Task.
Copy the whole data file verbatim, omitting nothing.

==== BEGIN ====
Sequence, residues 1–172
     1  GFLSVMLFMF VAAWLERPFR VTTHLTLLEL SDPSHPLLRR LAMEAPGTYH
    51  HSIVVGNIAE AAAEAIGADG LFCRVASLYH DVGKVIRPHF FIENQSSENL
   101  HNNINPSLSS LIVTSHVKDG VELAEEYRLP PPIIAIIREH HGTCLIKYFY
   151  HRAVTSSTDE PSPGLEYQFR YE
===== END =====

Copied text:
Sequence, residues 1–172
     1  GFLSVMLFMF VAAWLERPFR VTTHLTLLEL SDPSHPLLRR LAMEAPGTYH
    51  HSIVVGNIAE AAAEAIGADG LFCRVASLYH DVGKVIRPHF FIENQSSENL
   101  HNNINPSLSS LIVTSHVKDG VELAEEYRLP PPIIAIIREH HGTCLIKYFY
   151  HRAVTSSTDE PSPGLEYQFR YE